One of the reasons we wanted to take the Holiday Tour is because it offered reserved seating for the Christmas Parade. Just across from It’s a Small World, there were several rows of chairs set up. We each took a seat and were served a mug of hot chocolate served in a souvenir cup and a snowman shaped sugar cookie. As a memento of our tour, we were each given a special Holiday Tour collectible pin. I asked the man seated next to me if he would snap a picture of me and Jason with our tour guide Cindy.

The Christmas parade was fantastic and we enjoyed it even more in our comfortable seats rather than on the cold, hard concrete. The floats were richly decorated for Christmas and lots of characters were there. Gingerbread men and sugar plum fairies danced down the street. Of course, Santa Claus made an appearance at the end of the parade. I snapped pictures throughout the parade but they turned out rather dark. Even so, they still remind me of the awesome time we had.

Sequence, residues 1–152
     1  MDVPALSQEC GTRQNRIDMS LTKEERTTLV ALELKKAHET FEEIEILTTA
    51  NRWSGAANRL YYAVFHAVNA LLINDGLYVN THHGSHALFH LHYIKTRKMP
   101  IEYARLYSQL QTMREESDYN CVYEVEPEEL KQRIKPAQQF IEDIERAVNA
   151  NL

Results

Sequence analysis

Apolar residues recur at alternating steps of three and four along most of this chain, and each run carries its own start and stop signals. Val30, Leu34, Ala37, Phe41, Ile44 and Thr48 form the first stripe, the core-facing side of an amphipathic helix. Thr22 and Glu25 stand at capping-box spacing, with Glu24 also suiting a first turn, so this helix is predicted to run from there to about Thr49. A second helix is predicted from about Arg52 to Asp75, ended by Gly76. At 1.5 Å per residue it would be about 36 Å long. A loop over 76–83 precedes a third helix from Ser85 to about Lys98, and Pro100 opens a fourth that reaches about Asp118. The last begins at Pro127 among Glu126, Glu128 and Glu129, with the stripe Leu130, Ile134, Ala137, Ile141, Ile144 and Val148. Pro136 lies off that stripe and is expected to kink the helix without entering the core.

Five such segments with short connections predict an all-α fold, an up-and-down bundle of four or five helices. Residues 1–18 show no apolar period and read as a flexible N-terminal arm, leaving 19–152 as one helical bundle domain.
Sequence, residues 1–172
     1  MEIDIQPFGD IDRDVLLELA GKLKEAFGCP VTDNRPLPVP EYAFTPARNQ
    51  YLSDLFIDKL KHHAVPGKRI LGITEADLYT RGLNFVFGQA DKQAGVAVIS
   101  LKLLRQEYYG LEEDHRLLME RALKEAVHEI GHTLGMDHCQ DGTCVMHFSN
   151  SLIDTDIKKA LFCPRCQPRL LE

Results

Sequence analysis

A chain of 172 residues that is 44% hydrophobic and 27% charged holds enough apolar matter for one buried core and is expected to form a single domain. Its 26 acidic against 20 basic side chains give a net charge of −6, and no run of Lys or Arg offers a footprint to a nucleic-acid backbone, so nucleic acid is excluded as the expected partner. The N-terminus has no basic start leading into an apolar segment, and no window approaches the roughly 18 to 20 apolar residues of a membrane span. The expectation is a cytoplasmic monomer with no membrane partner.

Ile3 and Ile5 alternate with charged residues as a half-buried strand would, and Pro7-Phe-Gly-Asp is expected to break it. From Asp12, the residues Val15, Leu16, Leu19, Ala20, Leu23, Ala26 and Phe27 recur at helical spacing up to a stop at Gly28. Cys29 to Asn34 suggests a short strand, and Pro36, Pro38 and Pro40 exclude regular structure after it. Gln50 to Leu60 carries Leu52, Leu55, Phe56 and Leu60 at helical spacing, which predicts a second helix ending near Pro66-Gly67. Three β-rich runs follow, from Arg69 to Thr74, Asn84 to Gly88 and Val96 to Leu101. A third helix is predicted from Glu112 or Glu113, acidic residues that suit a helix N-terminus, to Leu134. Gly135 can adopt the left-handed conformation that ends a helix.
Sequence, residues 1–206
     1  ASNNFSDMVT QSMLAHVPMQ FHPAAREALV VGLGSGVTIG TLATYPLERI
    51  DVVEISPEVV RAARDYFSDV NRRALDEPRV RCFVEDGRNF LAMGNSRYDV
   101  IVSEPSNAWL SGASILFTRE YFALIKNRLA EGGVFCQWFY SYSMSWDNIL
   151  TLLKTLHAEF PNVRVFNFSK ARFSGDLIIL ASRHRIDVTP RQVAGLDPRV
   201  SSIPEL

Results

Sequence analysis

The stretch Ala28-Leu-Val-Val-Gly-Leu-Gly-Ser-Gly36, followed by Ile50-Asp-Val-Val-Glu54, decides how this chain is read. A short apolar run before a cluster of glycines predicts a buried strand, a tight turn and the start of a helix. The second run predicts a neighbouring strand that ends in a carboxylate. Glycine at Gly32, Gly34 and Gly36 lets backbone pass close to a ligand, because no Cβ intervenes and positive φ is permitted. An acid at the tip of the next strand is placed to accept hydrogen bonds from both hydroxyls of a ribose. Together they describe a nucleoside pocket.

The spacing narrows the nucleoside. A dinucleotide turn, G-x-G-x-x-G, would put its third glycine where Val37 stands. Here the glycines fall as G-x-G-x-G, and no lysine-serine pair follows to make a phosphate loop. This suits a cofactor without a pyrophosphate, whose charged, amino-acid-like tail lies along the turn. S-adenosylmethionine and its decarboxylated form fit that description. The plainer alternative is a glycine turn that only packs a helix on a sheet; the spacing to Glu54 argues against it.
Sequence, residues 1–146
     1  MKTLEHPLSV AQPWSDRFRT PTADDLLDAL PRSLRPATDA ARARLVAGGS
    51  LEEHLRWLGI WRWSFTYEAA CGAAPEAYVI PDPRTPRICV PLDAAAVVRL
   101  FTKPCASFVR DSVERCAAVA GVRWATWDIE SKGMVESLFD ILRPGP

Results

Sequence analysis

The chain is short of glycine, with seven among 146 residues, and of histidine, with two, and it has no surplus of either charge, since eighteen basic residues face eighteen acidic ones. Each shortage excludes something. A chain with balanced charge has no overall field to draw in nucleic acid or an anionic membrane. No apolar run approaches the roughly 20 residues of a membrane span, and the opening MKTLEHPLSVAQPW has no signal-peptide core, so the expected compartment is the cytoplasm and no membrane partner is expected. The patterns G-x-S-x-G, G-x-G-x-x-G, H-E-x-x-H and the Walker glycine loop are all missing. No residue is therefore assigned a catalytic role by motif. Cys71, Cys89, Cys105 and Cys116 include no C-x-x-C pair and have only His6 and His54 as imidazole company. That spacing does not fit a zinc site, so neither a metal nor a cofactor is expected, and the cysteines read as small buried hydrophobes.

After the parade, we walked over to Big Thunder Mountain by way of Fantasyland and waited about 20 minutes to ride. We did the Goat Trick again. It wasn’t until after we returned home that I learned of the Westward Ho trick. As you approach the end of the ride, before you reach the dinosaur bones, if you look to your right you’ll see the covered wagon where they sell McDonald’s French Fries. The words Westward Ho are painted on the side of the wagon. When you see the wagon, you shout “Westward Ho” and point to the wagon with your right hand. At the same time you are pointing and looking to the right the train is making a sharp turn to the left, increasing the sensation in the pit of your stomach. If you are seated on the left side of the seat, you have the added bonus of smacking your seatmate in the face with your right arm as you make the turn.